Respecting all their facets

In principle, when we respect ourselves, we have the basis to show respect to others and we will be shown respect in return. However, if we take others at face value, this principle does not work in practice. Taking people at their word is misleading. Seeing people as they appear is getting deceived. Trusting people to behave as they always do is naive. Showing respect can even backfire on us and teach us the real nature of respect.

If you've had experiences like I've myself, you've tried to show respect to people who hold themselves in contempt. The respect we show gets taken wrong. It's reduced to being nice to them when they are convinced they don't deserve it. They hold us in contempt like they do to themselves. We appear needy, insecure and unaware of how they feel about themselves. They believe that no one with self respect would come onto them with a show of respect. Self respect would replace acting nice. There would be no need to manipulate their lurking contempt if it was respected.

We are doing much better at showing respect when we see people as two faced and conflicted. We can respect the fact that they may be putting on an act that hides their true feelings. We can respect their need to be pretentious in a world that cannot accept them as they are. We can respect how they may feel inside is not how they come across on the surface. We can respect what appears as calm as really covering irreconcilable urges.

When we respect there's more to them than meets the eye, they feel somewhat respected. They have not misled us or played us for the fool we appear to be when taking us at face value. They feel it's safe enough to tone down their defensiveness and reveal some of what's real for them. They feel some connection to what lives behind our own masks. They get a sense of who we really are, where we're really coming from and how if feels to be in our experience of them. They respect us in return.

We respect the fact they may not deserve respect for how they act. We don't show respect for the act they perform to fool us. We respect that their show does not show themselves in depth. We respect that we are only seeing a side that hides the rest. We signal to them that we appreciate their show.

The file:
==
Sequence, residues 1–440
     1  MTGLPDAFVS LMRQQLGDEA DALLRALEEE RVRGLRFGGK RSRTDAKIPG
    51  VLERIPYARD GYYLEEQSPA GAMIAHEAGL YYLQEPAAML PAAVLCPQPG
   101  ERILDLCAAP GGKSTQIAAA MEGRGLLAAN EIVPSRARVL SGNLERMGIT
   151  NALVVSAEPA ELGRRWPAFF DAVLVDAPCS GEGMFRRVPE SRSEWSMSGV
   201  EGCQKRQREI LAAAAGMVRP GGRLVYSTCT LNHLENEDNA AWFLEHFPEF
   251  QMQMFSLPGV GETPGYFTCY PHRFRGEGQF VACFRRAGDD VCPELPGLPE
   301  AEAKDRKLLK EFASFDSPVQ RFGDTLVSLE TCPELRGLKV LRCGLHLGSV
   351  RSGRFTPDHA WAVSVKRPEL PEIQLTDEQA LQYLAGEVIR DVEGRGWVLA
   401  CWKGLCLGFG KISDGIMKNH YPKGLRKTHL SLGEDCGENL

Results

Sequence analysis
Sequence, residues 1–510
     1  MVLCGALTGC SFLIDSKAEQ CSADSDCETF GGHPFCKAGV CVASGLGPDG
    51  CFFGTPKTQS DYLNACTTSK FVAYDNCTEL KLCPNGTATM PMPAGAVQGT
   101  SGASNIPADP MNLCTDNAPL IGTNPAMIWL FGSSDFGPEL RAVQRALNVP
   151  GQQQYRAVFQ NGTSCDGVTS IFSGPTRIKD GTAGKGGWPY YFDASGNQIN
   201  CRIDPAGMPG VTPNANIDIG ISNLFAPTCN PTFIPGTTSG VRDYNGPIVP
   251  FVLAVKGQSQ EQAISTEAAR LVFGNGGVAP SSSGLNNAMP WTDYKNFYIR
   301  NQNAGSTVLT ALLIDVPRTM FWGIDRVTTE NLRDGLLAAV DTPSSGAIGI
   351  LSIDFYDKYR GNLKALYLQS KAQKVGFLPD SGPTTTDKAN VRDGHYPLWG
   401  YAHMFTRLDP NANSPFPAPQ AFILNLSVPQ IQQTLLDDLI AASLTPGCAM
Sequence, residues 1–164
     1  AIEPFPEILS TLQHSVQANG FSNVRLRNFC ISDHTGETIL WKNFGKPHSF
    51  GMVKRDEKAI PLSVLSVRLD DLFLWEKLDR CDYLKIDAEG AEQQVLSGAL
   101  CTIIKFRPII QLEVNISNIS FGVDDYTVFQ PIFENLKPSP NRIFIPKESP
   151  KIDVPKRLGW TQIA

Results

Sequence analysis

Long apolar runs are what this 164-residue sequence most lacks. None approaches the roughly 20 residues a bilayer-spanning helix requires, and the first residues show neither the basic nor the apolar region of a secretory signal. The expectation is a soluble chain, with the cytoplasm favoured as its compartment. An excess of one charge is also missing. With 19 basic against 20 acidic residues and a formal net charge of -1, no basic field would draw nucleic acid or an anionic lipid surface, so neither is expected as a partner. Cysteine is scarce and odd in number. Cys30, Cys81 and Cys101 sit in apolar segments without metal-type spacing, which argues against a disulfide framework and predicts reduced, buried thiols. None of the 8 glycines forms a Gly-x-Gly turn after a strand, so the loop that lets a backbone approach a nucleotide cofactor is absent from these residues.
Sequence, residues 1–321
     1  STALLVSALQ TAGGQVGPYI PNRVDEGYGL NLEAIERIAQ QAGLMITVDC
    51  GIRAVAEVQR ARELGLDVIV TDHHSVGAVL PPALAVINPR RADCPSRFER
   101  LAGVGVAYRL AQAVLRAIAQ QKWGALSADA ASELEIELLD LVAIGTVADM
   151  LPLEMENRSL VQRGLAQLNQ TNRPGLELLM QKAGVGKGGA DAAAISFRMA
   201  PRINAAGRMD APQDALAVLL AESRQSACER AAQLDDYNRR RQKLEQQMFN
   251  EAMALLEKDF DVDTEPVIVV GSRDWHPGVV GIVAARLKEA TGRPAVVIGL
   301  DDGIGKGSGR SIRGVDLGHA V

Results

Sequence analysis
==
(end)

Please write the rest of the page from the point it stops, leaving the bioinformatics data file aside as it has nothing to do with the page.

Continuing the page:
All this goes far deeper than taking people at face value or gaming people with our act. We cannot go deep like this when we sense we are in danger. We're designed to be hyper-vigilant about the obvious threats and cut out the deep reflections when we've got a sense of trouble ahead. We know we are putting ourselves in more danger if we ponder the hidden significance behind the obvious evidence to trouble.

This means we respect our own needs for safety and vigilance, as well as respecting our real intentions, values and priorities. We need to respect ourselves as two faced for good reasons too. When respect our ability to react to danger and to go deeper too, our self respect is real. Then we can really respect others and it will seem authentic to those on the receiving end of our show of respect.


  1. That's why we first need to listen to understand.

  2. Harold
    Thanks for making the connection to listening. The big challenge with listening when being held in contempt is to disregard the danger of getting our feelings hurt and our instinct to close our minds in the presence of hostility.

  3. Wonder if you're familiar with Adam Kahane, author of Solving Tough Problems, who advocates first listening for understanding. Great little book. I wrote about it a while back.

  4. Harold:
    Thanks for the link to your post and the book. I am not familiar with Kahane but I'm glad to find out about his work. I agree that piecemeal solutions will not work when imposed top-down with a divide and conquer strategy. Yet I think piecemeal works beautifully when it's long tail, free agent, bottom up, cultural creatives combining their individual initiatives.